Some pictures from the famous Forty Foot swim, from the recent Christmas Day swim. Oh, if you’re reading this on a desktop or laptop, don’t forget to hit the Title line above, to expand text and pictures!
This is a real tradition around where i grew up in Dun Laoghaire and the whole surrounding area, (Glasthule, Sandycove, and all around) with hundreds of people coming down each year throughout the day.
Usually I’d be swimming myself, typically with my sister, and often our mum too. My sister and I even went in during the great freeze of 3 years ago. We were the only ones mad enough that year, at least at the only ones in sight when we were down. It was -10 for weeks beforehand and the very ground was frozen. So nobody else was daft enough. Our feet got so cold- we nearly lost them. I haven’t been in during winter since! Maybe next year…
Yet, as you can see, most years the swim is insanely popular. You even have to queue to jump into the freezing water. Incidentally, the sign you see on the rocks behind the queue warns people not to jump in, especially not to dive in head-first, unless they know what they are doing. The Forty Foot is a beautiful, natural bathing place, and very safe, especially at high tide. But if you’re ever there, please look at the sign and always ask a local person what do do, before you just go jumping in. Okay?
You have to admire the variety of jumping, plunging, dive bombing styles on show… above and below..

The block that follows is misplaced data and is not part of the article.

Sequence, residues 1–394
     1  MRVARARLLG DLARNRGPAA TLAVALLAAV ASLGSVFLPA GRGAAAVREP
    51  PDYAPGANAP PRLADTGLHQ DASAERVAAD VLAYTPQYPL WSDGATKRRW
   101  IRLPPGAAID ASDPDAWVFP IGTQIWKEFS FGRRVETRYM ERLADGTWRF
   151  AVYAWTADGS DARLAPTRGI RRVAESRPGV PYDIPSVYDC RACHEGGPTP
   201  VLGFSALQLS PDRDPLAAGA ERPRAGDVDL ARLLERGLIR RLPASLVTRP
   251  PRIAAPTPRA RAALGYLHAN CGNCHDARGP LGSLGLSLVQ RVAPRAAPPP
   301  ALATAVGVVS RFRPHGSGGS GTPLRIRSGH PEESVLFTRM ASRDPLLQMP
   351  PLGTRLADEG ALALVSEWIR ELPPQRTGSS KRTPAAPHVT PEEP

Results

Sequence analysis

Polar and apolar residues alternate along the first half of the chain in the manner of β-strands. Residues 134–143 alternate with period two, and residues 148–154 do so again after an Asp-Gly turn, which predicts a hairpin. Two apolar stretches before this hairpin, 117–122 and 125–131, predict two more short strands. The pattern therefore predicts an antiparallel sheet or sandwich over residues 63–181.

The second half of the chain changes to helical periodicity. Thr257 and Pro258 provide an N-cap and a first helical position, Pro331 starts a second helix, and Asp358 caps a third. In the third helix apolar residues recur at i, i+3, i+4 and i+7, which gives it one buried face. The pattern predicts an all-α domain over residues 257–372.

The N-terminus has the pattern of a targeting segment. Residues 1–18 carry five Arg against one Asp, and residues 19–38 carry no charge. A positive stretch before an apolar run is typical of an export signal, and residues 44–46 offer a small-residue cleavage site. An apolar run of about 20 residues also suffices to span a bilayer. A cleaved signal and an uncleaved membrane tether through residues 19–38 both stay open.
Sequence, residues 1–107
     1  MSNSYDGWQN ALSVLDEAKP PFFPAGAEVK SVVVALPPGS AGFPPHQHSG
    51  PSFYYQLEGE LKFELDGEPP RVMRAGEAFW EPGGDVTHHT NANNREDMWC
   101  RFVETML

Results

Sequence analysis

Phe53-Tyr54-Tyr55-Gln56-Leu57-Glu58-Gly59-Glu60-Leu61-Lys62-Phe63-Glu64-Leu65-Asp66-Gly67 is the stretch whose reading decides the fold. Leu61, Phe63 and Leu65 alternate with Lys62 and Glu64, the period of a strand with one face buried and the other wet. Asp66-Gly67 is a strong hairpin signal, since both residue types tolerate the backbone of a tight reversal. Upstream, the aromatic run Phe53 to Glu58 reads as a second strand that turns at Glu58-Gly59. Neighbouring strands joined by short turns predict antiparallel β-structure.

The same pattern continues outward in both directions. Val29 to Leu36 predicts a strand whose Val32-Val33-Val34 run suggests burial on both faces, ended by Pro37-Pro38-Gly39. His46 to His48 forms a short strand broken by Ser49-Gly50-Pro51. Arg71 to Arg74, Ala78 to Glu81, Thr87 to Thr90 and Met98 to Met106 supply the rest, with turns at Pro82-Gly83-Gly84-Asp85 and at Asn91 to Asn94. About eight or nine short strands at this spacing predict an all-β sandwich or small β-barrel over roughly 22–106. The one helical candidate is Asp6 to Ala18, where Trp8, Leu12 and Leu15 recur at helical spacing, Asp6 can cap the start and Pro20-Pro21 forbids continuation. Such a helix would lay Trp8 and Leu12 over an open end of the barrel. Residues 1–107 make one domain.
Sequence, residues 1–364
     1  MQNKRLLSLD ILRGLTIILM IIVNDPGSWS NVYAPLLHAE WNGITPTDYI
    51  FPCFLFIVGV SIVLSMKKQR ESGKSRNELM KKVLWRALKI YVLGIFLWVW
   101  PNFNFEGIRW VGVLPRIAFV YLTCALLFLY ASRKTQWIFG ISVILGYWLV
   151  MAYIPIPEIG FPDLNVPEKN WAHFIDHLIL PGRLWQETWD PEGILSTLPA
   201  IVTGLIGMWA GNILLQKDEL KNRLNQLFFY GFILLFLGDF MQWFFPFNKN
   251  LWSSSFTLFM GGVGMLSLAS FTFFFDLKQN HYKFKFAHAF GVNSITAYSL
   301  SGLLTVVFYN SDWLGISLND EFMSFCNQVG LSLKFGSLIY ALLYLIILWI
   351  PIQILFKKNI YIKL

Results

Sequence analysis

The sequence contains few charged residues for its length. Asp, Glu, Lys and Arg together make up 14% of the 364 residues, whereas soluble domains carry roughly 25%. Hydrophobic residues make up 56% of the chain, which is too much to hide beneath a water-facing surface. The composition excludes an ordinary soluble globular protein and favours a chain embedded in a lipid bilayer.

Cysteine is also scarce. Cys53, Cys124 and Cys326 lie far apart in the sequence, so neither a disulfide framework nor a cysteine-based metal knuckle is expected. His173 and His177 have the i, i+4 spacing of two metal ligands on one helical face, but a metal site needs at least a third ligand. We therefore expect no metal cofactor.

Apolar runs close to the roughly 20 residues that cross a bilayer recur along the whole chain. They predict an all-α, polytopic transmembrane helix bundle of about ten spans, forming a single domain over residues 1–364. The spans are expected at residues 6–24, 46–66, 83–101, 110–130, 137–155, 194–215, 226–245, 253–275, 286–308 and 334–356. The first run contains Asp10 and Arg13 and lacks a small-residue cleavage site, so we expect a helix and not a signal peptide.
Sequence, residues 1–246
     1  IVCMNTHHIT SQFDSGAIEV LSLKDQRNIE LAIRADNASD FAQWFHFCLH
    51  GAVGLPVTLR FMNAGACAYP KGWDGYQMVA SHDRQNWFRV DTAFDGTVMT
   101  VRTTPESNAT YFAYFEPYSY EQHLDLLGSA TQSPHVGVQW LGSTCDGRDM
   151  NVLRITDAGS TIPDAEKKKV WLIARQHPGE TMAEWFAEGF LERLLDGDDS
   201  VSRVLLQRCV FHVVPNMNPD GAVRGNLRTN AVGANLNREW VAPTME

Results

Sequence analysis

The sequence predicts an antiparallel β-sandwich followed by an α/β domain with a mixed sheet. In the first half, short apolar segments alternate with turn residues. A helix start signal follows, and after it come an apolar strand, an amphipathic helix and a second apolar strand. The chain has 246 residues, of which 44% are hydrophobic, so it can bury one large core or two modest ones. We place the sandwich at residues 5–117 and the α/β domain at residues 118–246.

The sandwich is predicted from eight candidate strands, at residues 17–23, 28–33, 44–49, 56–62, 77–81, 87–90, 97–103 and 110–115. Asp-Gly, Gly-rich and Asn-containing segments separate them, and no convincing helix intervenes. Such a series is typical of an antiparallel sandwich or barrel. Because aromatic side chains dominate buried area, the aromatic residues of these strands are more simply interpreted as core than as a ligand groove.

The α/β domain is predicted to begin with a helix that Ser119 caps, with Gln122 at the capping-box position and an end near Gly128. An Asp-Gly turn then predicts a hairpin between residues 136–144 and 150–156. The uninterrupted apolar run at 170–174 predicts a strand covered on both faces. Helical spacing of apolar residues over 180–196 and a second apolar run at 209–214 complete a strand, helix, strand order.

You will observe that, just like the Olympics, there are solo, pair, and tandem events on display..
I also admired the chap (seen above) with his festive, Father Christmas hat on. My recollection is that he managed to somehow not loose it, which I thought was some achievement.
Having jumped in, stage two is getting out, up the cut stone steps. Not always as easy as you might think, when there’s a choppy swell running.
I love the quality of light in this place.
Even though we have all been swimming and taking pictures at the Forty Foot for decades, I always associate the 40-Foot with work by a friend of mine, the artist Gary Coyle,
like many locals, and Dun Loghaire natives, Gary has been swimming at the 40-Foot for years, the difference being that he minutely recorded the process, through drawings, photographs, notes and writings, a performance show, even bottles of water samples, over an 8-year process.
I once helped Gary, in a very small way, with one of his terrific spoken word performance shows. He later gave me a gift of one of his beautiful gigantic, hand printed photographs. It hangs in my living room to this day and is one of my proudest possessions. You can see some of Gary’s lovely picture’s on his home site here.
The Forty Foot also of course bears a strong association with James Joyce’s Ulysses.
In the first the first chapter of that iconic book, one of the two main protagonists, Stephen Daedalus is sharing “digs” (accommodation) with his friend Buck Mulligan, at the Martello Tower that looks out over the 40-Foot, just as Joyce did in real life as a young man, sharing the tower with his then-friend, the poet and surgeon Oliver St John Gogarty.
Famously in that first chapter Stephen and Buck Mulligan go for a swim in the 40-Foot bathing place, joined by an English academic called Haines, who is over in Dublin to study the Gaelic Revival and Irish literature. Stephen is not in good form. He is furious about some loose remark Mulligan has made about his deceased mother, and also dismissive of Haines and his anthropological, slightly patronizing or simplistic views on Ireland. (Again this mirrors Joyce himself: although he admired many of the writers of the Gaelic Revival movement, he himself was far more Internationalist, even global in outlook, and was never convinced by the Gaelic Revival itself.